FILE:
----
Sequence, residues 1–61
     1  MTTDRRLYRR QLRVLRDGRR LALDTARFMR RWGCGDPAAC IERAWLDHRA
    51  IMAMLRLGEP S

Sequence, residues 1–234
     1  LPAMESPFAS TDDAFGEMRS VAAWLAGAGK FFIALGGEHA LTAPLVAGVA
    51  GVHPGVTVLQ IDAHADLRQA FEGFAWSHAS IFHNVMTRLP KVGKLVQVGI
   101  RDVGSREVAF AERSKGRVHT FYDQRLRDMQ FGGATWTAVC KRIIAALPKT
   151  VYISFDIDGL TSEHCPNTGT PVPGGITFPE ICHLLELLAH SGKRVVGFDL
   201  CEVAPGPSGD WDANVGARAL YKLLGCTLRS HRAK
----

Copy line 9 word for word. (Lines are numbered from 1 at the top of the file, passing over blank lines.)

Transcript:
   201  CEVAPGPSGD WDANVGARAL YKLLGCTLRS HRAK